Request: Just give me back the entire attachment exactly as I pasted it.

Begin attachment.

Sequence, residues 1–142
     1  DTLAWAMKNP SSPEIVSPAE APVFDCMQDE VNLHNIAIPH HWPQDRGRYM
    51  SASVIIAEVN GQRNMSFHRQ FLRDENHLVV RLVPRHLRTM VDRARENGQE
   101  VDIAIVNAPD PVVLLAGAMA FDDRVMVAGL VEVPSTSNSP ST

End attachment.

Sequence, residues 1–142
     1  DTLAWAMKNP SSPEIVSPAE APVFDCMQDE VNLHNIAIPH HWPQDRGRYM
    51  SASVIIAEVN GQRNMSFHRQ FLRDENHLVV RLVPRHLRTM VDRARENGQE
   101  VDIAIVNAPD PVVLLAGAMA FDDRVMVAGL VEVPSTSNSP ST